“We try to get special education students more involved at our school,” she said. “We always play games with them, get them to talk to us and help get them more at the center of what we’re doing at MHS.”
Bautista has also been active with a local mentoring program called Help Our Youth (H.O.Y.), founded by Moorpark insurance agent and community leader Moy Serrano. The teen credits Serrano with helping her develop leadership skills.
“He’s become a mentor to me,” she said. “I’ve become one of the two youngest board members. It’s helped me step outside of my comfort zone and become more open to meeting new people.”
Bautista’s family emigrated from Mexico City when she was 2 years old.
“My mom moved here to give us a better opportunity at education. My mom and dad only finished their freshman years in high school,” she said.
Her father currently works at a private sand company in Simi Valley. Her mother works part-time at Kohl’s and McDonalds and does house cleaning.
Older brother Omar will be transferring this year from to Cal State Northridge while her younger brother Christopher will be attending .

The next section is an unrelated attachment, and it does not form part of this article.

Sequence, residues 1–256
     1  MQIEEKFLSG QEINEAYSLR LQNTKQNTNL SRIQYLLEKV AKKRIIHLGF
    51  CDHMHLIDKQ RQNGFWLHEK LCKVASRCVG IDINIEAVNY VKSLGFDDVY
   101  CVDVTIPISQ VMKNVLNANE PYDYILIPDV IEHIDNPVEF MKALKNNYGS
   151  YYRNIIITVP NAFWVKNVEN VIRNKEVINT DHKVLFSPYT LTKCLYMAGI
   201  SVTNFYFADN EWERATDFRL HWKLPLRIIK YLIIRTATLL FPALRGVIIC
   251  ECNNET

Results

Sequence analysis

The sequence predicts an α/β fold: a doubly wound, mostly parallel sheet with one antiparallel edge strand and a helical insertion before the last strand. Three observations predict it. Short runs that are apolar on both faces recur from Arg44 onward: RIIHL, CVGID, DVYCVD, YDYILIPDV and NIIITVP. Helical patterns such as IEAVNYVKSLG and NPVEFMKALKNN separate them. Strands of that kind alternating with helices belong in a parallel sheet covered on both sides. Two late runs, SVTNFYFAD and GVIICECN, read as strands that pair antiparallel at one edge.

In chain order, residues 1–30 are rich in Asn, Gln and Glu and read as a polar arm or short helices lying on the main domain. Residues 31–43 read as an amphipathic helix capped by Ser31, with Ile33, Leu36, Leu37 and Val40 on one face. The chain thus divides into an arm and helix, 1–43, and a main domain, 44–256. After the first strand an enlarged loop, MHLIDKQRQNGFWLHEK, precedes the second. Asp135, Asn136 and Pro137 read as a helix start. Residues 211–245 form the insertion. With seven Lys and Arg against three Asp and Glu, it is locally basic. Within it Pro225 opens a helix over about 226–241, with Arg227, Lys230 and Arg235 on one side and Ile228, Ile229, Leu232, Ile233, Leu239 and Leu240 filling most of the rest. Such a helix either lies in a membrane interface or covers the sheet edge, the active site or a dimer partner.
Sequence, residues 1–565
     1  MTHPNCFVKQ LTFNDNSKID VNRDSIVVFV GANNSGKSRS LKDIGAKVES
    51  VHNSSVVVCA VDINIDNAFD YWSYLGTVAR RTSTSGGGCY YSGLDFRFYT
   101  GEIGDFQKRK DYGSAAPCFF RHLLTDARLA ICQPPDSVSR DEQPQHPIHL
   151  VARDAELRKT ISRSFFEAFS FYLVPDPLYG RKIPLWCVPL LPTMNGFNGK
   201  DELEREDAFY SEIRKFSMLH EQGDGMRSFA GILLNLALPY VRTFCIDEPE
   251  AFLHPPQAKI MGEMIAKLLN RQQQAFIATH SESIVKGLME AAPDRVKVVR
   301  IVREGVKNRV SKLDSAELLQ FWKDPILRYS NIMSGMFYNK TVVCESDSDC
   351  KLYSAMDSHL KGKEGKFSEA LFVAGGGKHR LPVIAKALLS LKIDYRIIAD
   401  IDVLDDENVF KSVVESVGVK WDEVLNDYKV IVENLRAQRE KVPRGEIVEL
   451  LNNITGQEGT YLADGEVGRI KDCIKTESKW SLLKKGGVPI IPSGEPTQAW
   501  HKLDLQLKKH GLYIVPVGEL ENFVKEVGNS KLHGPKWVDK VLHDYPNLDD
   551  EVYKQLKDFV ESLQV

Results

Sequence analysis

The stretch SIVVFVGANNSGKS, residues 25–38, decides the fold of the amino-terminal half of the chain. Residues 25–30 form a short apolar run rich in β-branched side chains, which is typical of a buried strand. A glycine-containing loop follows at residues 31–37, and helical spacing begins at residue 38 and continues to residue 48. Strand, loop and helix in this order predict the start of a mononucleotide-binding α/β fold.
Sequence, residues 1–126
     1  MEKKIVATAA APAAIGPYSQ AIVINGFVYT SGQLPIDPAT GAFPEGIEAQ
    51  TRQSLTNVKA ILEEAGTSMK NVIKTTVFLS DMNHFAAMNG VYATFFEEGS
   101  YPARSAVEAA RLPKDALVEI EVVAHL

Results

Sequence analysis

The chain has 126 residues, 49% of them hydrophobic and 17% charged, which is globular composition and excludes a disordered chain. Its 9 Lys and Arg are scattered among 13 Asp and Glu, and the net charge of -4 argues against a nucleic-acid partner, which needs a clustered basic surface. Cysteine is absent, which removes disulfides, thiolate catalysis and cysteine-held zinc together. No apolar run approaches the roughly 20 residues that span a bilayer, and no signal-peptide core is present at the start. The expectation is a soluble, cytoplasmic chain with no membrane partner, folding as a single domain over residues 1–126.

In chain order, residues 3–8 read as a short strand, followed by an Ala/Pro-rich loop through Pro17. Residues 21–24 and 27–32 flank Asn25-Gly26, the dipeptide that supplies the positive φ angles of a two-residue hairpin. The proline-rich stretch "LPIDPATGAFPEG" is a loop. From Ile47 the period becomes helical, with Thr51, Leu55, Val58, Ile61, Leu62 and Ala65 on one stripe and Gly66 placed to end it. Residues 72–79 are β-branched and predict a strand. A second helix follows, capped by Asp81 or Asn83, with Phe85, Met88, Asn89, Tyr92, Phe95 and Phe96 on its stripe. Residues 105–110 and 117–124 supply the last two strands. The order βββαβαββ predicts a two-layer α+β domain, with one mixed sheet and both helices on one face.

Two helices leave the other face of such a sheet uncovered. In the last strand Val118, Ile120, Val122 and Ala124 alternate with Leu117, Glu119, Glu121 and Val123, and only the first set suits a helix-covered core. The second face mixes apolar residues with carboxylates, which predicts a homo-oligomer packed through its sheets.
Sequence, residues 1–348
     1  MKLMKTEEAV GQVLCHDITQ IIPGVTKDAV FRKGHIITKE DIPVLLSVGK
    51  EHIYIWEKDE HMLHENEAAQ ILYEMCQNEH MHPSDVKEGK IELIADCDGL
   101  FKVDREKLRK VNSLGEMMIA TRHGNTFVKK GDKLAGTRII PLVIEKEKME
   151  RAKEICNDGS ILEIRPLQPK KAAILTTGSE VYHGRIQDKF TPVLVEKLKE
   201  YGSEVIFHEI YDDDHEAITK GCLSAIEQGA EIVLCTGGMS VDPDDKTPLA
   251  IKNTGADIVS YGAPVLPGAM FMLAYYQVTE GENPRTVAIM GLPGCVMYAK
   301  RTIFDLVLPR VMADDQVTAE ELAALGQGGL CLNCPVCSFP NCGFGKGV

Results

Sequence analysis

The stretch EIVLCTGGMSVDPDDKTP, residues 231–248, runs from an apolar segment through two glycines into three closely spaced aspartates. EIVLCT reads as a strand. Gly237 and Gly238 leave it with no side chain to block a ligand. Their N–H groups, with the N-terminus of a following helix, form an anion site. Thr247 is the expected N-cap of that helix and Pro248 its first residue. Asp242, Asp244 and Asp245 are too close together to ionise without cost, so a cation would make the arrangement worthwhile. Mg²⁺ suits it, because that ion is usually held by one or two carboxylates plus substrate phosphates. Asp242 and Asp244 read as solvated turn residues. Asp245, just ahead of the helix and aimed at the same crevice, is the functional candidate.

Bautista has been active in the Achievement Via Individual Determination (AVID) program at MHS, which helps prepare students for college life.
She will be attending UC Santa Barbara in the fall and majoring in political science and Spanish.
Bautista is aware of the importance of education and college to her family.
“In my family, I’ll be the second to go to college, and the first to go directly to university," she said. "My parents aren’t strict, but they’re supportive. They never give up on us.”
Her parents' efforts to help their children get a better education have left a lasting impression on her:
“College is a chance to show the world that despite all the adversity we have to go through, you can succeed in this country.”